The increasing probability that Republicans will lose control of the state Senate for the first time since the 1960s has pointed conversation in Albany to an intriguing topic of speculation: Once Joseph Bruno is dethroned, what would Democrats do with their power?
I posed that question to several Democratic lawmakers, and their responses suggest that the difference between the parties as it relates to legislative priorities is far more striking than one might assume given the leftward drift of Mr. Bruno.
In their appeal to voters, Republicans are promoting themselves as the last defense against an out-of-control, authoritarian governor.
The focus on Mr. Spitzer minimizes the extent to which Senate Democrats have a mind of their own and adhere to a political philosophy that, while overlapping with some of Mr. Spitzer's agenda, is more closely aligned with progressive social and fiscal policies.
An issue of great divide between Republicans and Democrats in Albany is rent control.
A decade ago, Mr. Bruno tried to eliminate rent control laws altogether, and last year his conference shot down a push by Democrats for new regulations that would have significantly slowed down the rate at which regulated apartments in the city are decontrolled and thus eligible for higher market rents.
Democrats told me they would renew that push and would also back a repeal of the so-called Urstadt law, passed in the Rockefeller era in 1971, which handed to Albany authority over New York City's rent regulation laws.
The shift on rent control would be one consequence of New York City becoming the Senate's geographic base of power. Another change ó and one suburban voters should pay attention to ó would be in the distribution of education aid. Senate Democrats would want to see more money going to New York City schools and less to Long Island districts.
In our conversations, Democrats repeatedly brought up the Rockefeller drug laws, the mandatory sentencing statutes for people convicted of non-violent drug crimes. "We would like to see the Rockefeller laws fixed so folks are not serving these extraordinary periods of prison for relatively minor matters," a Harlem Democrat, Bill Perkins, told me.
Democrats envision pressing for a repeal or a far more significant scaling back of the law than what was approved by Senate Republicans and Governor Pataki in 2004.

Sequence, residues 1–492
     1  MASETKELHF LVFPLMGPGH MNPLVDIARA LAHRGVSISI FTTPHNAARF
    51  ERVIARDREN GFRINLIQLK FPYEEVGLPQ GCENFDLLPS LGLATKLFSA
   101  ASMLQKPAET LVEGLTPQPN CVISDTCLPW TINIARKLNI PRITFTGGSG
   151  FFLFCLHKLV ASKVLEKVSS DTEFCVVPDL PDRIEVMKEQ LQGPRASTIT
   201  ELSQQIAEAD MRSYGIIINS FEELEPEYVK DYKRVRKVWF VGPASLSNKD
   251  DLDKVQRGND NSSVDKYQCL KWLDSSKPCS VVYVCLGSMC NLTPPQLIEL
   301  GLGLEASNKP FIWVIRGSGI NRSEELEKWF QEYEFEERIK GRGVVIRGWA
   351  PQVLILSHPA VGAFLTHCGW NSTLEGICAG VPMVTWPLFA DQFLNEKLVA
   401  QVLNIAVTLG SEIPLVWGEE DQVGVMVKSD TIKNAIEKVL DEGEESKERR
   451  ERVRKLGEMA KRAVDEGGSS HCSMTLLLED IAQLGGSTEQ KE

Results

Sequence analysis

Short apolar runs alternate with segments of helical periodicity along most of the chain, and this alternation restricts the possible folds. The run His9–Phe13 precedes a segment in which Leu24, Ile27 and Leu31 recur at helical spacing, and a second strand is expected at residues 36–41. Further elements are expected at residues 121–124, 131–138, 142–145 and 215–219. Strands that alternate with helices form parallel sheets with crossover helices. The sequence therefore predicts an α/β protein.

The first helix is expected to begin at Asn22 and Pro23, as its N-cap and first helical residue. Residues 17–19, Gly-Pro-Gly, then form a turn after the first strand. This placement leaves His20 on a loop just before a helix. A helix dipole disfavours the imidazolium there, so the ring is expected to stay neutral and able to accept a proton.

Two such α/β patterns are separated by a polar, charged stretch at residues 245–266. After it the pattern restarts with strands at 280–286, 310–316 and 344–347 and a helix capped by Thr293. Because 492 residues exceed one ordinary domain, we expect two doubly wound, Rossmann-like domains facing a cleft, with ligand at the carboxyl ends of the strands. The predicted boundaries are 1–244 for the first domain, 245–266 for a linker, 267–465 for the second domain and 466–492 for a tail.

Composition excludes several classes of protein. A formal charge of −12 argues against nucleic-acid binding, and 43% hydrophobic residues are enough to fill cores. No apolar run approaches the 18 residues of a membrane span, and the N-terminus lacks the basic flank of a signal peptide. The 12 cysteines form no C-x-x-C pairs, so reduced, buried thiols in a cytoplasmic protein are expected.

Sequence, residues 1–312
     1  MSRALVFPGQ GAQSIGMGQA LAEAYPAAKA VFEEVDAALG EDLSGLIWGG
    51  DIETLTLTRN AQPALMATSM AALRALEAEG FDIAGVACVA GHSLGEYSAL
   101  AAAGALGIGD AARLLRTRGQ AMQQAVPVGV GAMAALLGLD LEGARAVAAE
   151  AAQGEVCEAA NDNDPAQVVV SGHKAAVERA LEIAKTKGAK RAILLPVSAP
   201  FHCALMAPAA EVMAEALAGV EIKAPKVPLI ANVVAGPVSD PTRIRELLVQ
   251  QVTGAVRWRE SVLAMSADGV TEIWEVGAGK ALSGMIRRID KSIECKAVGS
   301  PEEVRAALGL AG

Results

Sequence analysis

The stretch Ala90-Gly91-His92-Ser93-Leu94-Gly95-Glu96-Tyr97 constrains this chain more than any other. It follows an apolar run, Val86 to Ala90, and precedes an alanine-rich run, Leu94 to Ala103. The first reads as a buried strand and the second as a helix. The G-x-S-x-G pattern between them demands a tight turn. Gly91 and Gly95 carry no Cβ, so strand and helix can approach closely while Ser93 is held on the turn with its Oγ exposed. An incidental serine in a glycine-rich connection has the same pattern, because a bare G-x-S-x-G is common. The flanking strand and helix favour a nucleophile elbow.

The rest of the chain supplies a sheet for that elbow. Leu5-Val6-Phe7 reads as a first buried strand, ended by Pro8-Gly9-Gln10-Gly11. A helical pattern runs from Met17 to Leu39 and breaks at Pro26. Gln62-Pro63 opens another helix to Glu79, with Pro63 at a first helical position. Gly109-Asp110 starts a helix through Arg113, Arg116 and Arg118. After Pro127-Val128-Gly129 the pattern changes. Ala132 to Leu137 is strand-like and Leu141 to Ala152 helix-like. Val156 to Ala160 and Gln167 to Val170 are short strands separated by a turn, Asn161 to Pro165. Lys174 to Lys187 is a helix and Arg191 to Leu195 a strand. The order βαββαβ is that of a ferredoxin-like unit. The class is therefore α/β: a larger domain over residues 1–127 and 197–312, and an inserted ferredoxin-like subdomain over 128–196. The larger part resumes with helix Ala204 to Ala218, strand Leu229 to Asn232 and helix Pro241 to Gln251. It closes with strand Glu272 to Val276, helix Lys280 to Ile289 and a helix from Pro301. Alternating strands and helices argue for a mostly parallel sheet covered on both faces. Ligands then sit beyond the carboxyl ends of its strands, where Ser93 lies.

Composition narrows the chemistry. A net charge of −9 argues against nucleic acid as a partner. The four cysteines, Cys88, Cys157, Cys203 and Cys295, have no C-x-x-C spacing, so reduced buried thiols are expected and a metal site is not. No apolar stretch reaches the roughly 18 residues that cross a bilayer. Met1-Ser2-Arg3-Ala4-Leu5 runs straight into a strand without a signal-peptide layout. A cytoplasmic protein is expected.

Upper East Side Democrat Liz Krueger predicted that the Senate "would become a pro-choice majority conference literally overnight," rallying behind Mr. Spitzer's Reproductive Health and Privacy Protection Act, which would protect and strengthen abortion rights in the state, even if the Supreme Court overturns Roe v. Wade.
It's much less clear whether Senate Democrats, some of whose members tilt conservative on social issues, would immediately join the Assembly in legalizing gay marriage. At the very least, they would probably get behind a civil unions bill.
A Democratic take-over, Ms. Krueger said, would also effectively end the debate in the Legislature over whether to restore the state's death penalty.
After a spate of trooper shootings, Republicans last year demanded that Mr. Spitzer and the Democrat-controlled Assembly pass legislation that would revive New York's dormant death penalty statute in cases involving the murder of police officers and terrorists. "You won't hear the continued cry to bring back the death penalty," Ms. Krueger said.
Ms. Krueger also pointed to an issue where Senate Democrats and Mr. Spitzer don't see eye to eye: taxes. Her conference, she said, favors "a progressive and more equitable model of taxation," similar to the proposals championed by the union-backed Working Families Party.
Whereas Mr. Spitzer has refused to tinker with the state's income tax, Senate Democrats would likely seek to increase the rate for wealthier residents and perhaps lower it for those on the bottom of the ladder.
The Senate Democratic solution to the problem of rising property taxes may be to allow school districts outside of the city to raise revenue by taxing income instead of property, according to Bronx senator Jeff Klein, a rising star in his conference.
Democrats insist, however, they would demonstrate more fiscal restraint than their Republican counterparts, if only because they wouldn't face the same pressures to curry favor with voters as Republicans have in a Democrat-leaning state.
"You'll see a stronger commitment to fiscal responsibility," a Brooklyn and Lower Manhattan Democrat, Martin Connor, said. "They walk off with hundreds of millions of pork dollars. We don't need it. We're not trying to support an artificial majority. I don't need $5 million to buy my district in November."
As for the question of allegiance to Mr. Spitzer, who is clearly hoping that the Senate Democrats will be one problem he doesn't have to worry about, lawmakers left it open. "I don't think we're going to be yes men and women," Mr. Connor said.
In other words, Mr. Spitzer, who prides himself as a moderate Democrat, may be their patron, but he's not their master.